On sale now for a limited time are some of our favorite releases from BR Klassik, the label home of the Bavarian Radio Symphony and Choir. See below for all of our featured sale titles, including recordings by conductors Simon Rattle and the late Mariss Jansons, pianist and composer Friedrich Gulda, Fritz Wunderlich, and more.
(Sale ends at midnight ET, 8/31/21.)
These are gripping interpretations performed at a high technical level. They convince not only with exuberant temperament, tight rhythm, and great textures, but also express the melancholy of the Grave movements very well.
Ivan Repušić, the chief conductor of the orchestra, secures excellent results. These performances are assured, lyrical, and idiomatic. There are other recordings of all these works, but not grouped together. This is a very worthwhile recording.
The centre of this recording is the Miserere. There is of course the classic, 30-year old recording by the Hilliard Ensemble, but any admirer of the work will be keen to have this new version, so immediate is its impact and so impressive its sonic depth.
The performances show Jansons wrestling with the scores, never coasting as he easily could have. His reading of Brahms's Symphony No. 4 is deeply considered, with a corker of a finale that flows through its passacaglia variation structure like a giant river.
Arman conducts with assurance. The world-class Bavarian chorus supplies an inspired sacred sound, ardent, ample, and immediate. The vocal soloists integrate splendidly and convincingly. The Requiem's emotional drama is honored here faithfully.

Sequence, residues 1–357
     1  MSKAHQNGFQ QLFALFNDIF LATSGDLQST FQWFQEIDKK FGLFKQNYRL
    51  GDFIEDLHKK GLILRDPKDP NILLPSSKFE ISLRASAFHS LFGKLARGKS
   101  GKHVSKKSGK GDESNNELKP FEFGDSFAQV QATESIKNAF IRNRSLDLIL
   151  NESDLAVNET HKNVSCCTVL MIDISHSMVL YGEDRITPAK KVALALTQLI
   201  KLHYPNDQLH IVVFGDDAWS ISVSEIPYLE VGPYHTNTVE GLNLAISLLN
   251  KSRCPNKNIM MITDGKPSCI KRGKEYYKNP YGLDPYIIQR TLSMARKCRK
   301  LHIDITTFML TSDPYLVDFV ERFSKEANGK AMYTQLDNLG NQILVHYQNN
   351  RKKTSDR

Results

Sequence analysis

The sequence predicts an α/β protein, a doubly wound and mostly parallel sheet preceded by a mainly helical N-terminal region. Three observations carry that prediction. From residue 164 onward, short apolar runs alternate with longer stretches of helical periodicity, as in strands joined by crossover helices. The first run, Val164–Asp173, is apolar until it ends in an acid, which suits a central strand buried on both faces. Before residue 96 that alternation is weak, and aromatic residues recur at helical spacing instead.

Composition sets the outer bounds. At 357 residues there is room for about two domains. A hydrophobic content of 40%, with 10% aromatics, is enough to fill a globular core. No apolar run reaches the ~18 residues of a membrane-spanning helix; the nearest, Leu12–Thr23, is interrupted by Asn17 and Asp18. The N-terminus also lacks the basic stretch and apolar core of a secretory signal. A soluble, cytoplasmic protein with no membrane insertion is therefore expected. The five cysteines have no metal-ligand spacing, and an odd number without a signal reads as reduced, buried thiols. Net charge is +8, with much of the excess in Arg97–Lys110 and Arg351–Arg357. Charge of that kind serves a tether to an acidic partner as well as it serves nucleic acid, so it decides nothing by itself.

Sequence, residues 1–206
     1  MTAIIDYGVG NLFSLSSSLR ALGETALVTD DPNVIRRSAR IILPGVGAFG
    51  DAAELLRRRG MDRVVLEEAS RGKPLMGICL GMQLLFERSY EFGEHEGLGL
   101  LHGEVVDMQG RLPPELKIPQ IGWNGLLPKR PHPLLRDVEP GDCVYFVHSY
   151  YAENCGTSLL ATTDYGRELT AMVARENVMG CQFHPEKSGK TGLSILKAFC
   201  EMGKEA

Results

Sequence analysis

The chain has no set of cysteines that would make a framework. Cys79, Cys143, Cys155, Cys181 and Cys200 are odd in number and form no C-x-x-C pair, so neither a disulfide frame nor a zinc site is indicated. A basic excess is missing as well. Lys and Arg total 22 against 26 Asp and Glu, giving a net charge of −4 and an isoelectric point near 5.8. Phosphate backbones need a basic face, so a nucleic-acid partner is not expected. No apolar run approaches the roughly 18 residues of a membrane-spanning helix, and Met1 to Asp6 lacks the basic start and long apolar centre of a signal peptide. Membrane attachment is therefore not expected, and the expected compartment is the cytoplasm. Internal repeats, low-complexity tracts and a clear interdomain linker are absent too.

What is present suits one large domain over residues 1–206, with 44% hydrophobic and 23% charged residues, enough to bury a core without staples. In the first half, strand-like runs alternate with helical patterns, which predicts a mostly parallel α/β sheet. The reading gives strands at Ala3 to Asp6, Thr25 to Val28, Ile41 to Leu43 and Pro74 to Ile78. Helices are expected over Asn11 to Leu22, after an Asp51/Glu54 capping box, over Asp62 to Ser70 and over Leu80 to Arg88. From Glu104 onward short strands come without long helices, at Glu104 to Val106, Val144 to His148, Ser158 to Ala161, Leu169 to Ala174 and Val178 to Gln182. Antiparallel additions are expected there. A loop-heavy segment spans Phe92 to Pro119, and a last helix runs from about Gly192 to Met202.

Dvořák's fully notated piano part is beautifully modulated here by Julius Drake. The soloists make a mostly well-matched team, the best of them being Gerhild Romberger. This new recording well surpasses its only, decade-old rival on record..
Sigismondo, an old-fashioned travesti role, is sung by Marianna Pizzolato. Both she and Kenneth Tarver as the king’s devious and sexually ambitious Prime Minister are class acts. Conductor Keri-Lynn Wilson's drive and authority wonders for the piece.
What is perhaps most immediately striking is the detail and brilliance of the playing. Skelton makes a fine, handsome sound, while Kožená in her songs offers singing of supreme beauty. A fascinating and beguiling performance; highly recommended.
This recording is worth hearing for Marina Rebeka's dramatic Luisa contribution alone. Inveterate Verdians should definitely lend their ears to this latest Luisa Miller, and those wanting a first recording of this hidden away masterpiece could do much worse.
Banse is clearly in her element with these lied selections. She gives warm, deeply committed performances. Her attractive voice cuts through the often-rich orchestral sound with ease. Impressive too is her high register with noticeably fine presence and clarity.
With utmost conviction from beginning to end the renowned choir deliver appropriately devout singing, well focused and eminently unified. Of high order too is the orchestral playing that seems completely at home with Mendelssohn’s music.
The Mozart sonata is lovely and leisurely, with discreet ornaments added. Gulda’s own creations are original, witty, and sometimes moving. For people unfamiliar with this unique artist, this release offers a perfect introduction.
This cross-section of choral numbers spanning a period of almost 300 years offers testimony to the unique choral culture of the Bavarian Radio Choir, along with the supreme artistic quality of its interpretations.
Wunderlich delivers these operetta and light opera arias, recorded not long before his tragic death, with the same ardour and elegance that made him his generation’s leading Mozart tenor.